Biosynthesis and Synthesis of Pyrrolizidine Alkaloids and Analogues

Hagan, Desmond Bernard (1987) Biosynthesis and Synthesis of Pyrrolizidine Alkaloids and Analogues. PhD thesis, University of Glasgow.

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This thesis deals with three aspects of research into pyrrolizidine alkaloids: (a) the synthesis of macrocyclic pyrrolizidine alkaloid analogues incorporating (+)-heliotridine (A); (b) the study of the biosynthesis of pyrrolizidine bases using specifically labelled molecules; and (c) the investigation of the pyrrolizidine alkaloid content of plants not previously studied. (a). Synthesis of macrocyclic pyrrolizidine alkaloid analogues incorporating (+) -heliotridine The synthesis of a series of novel macrocyclic diesters of (+)-heliotridine (A) has been achieved by the use of the Corey-Nicolaou double activation method of lactonisation. The base (A) was obtained by the alkaline hydrolysis of (+)-echinatine, a natural pyrrolizidine monoester isolated by methanolic extraction of Cynoglossum officinale. An alternative method of production of (+)-heliotridine utilised a short, known conversion of the pyrrolizidine base (+)-retronecine into (+)-heliotridine which was carried out with modifications. The treatment of (+)-heliotridine (A) with glutaric anhydride derivatives selectively yielded 9-monoesters of (+)-heliotridine. Lactonisation of these monoesters was effected via the corresponding pyridine-2-thiolesters. The macrocyclic nature of these 11-membered pyrrolizidine alkaloid analogues was confirmed by spectroscopic studies. An X-ray analysis of 7,9-O,O'-(3,3-dimethylglutaryl)heliotridine (B) revealed the conformation of this bislactone in the solid state. The ester carbonyl groups of (B) are anti-parallel. Attempted synthesis of 10-membered bislactones of (+)-heliotridine was unsuccessful. (b). Study of the biosynthesis of pyrrolizidine bases The biosynthetic portion of the project was to attempt to gain insight into the various processes taking place in the biosynthesis of different base portions of pyrrolizidine alkaloids by plants. Previous work had shown that 1,4-diaminobutane (putrescine) is a good precursor of retronecine. A series of putrescines specifically labelled with 2H or 13C were synthesised by known routes. They were isolated as their dihydrochloride salts. These salts were each mixed with a known activity of a radioactive tracer and were fed to Cynoglossum officinale by the xylem pricking method. The plants were later harvested and extracted to yield samples of (+)-echinatine, i.e. esters of (+)-heliotridine (A). Scintillation counting showed the specific incorporations to be below 0.5% per C4-unit of the base portion and the 2H and 13C n.m.r. spectra of the (+)-echinatine samples, also showed evidence of the disappointingly low incorporations. An exception was noted with the use of [1-13C]-putrescine dihydrochloride. A 13C n.m.r. spectrum of (+)-echinatine was obtained in which the expected four (C-3,-5,-8 and -9) of the eight signals of the base portion, (+)-heliotridine (A), were enriched. The conditions of feeding were varied over the two subsequent summers but the same low incorporations always resulted. Only the base portion of (+)-echinatine was radioactive as shown by alkaline hydrolysis of each (+)-echinatine sample. An investigation of Cynoglossum australe revealed the presence of a mixture of (+)-cynaustraline and (+)-cynaustine. Biosynthetic interest arises because of the presence of two rare 8B-bases, (+)-isoretronecanol (C) and (+)-supinidine. (D) respectively. The specifically 2H labelled compounds previously synthesised were fed to batches of young Cynoglossum australe plants. However, again the specific incorporations were low and inconclusive 2H n.m.r. spectra were obtained. The experiments were repeated the following summer, but the same results were obtained. Alkaline hydrolysis of the alkaloid samples proved that the radioactivity present was located exclusively in the base portions, (C) and (D) , of the alkaloids. Putrescine with a radioactive 3H label was fed as the dihydrochloride to several young Cynoglossum australe plants by the wick method. A good incorporation (> 1%) into each alkaloid was obtained, and radioactive samples of the two 1-hydroxymethyl pyrrolizidines (C) and (D) were obtained after separation of the alkaloids and subsequent hydrolysis. Each 8B-necine was then fed in turn to different batches of young Cynoglossum australe plants. Isoretronecanol (C) was a precursor for both alkaloids, but supinidine (D) was only incorporated into cynaustine. This finding is consistent with conversion of isoretronecanol into supinidine in the biosynthetic pathway.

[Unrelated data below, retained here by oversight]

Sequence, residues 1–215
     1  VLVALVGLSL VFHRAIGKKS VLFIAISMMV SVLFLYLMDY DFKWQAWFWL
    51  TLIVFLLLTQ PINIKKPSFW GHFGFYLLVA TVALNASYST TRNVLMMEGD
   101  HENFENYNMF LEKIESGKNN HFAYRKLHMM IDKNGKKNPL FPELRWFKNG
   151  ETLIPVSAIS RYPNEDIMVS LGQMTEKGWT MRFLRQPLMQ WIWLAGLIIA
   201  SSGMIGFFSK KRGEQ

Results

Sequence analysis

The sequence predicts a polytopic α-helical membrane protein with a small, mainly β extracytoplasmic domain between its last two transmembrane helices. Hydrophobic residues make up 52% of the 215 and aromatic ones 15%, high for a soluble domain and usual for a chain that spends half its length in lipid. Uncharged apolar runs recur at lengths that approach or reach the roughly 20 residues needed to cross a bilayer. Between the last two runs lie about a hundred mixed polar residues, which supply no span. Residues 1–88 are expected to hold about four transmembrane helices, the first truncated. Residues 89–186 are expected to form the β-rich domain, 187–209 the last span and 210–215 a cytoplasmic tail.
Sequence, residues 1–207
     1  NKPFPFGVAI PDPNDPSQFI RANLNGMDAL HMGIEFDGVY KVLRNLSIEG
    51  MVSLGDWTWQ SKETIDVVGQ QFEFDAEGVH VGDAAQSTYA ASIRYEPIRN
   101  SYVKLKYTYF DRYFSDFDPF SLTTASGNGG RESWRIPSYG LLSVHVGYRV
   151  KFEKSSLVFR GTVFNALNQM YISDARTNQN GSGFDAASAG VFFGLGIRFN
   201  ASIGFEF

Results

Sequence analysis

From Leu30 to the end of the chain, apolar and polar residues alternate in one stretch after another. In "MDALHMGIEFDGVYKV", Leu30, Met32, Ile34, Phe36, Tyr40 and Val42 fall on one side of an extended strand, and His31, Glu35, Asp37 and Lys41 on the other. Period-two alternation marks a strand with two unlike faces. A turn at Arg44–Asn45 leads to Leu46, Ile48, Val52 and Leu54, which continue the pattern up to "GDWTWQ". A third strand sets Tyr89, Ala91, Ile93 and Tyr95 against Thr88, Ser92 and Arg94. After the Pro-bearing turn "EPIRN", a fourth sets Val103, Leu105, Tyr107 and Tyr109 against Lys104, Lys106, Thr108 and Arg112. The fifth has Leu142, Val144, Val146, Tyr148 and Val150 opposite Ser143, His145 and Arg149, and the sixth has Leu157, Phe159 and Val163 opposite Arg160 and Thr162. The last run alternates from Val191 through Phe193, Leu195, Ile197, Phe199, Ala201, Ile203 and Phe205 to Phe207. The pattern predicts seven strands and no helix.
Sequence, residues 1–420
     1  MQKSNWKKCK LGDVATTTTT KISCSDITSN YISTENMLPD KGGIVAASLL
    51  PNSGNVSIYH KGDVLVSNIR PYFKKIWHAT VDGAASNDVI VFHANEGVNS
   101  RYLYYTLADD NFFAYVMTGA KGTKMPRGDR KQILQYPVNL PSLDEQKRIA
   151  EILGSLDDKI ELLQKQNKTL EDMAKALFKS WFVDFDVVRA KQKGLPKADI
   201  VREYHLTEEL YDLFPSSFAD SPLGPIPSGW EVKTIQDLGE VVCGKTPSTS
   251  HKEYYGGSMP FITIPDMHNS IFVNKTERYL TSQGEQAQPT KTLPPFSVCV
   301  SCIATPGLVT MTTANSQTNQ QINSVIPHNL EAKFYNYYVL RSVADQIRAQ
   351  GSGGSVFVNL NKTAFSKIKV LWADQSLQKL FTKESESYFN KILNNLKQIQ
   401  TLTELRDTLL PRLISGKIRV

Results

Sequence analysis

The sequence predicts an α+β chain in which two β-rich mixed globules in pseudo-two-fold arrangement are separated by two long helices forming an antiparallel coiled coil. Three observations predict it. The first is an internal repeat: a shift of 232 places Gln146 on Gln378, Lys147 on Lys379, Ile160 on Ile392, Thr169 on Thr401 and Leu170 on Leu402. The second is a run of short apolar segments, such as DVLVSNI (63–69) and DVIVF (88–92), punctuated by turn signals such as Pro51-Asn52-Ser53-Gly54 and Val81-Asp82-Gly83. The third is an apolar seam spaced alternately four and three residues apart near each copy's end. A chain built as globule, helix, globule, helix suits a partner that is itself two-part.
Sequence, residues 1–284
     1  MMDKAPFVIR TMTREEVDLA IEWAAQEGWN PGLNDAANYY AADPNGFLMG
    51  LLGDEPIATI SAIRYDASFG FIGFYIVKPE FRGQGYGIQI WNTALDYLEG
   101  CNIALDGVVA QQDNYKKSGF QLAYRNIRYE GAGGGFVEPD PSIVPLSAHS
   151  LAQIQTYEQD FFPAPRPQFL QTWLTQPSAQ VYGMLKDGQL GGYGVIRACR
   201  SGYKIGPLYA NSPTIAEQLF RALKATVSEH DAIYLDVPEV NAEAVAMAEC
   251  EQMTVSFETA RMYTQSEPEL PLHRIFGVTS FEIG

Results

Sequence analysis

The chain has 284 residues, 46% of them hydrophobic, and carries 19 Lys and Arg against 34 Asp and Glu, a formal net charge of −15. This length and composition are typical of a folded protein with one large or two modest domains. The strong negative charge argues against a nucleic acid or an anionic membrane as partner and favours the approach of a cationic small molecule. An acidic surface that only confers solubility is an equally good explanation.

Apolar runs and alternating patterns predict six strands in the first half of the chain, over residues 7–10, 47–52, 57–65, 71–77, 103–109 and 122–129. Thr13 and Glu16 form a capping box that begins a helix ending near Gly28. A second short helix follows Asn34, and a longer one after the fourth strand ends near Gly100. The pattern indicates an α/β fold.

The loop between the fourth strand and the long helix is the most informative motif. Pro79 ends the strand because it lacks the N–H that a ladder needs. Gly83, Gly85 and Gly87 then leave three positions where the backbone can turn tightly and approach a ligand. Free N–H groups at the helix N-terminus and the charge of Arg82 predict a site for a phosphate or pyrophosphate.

Item Type: Thesis (PhD)
Qualification Level: Doctoral
Keywords: Organic chemistry
Date of Award: 1987
Depositing User: Enlighten Team
Unique ID: glathesis:1987-77629
Copyright: Copyright of this thesis is held by the author.
Date Deposited: 14 Jan 2020 11:53
Last Modified: 14 Jan 2020 11:53

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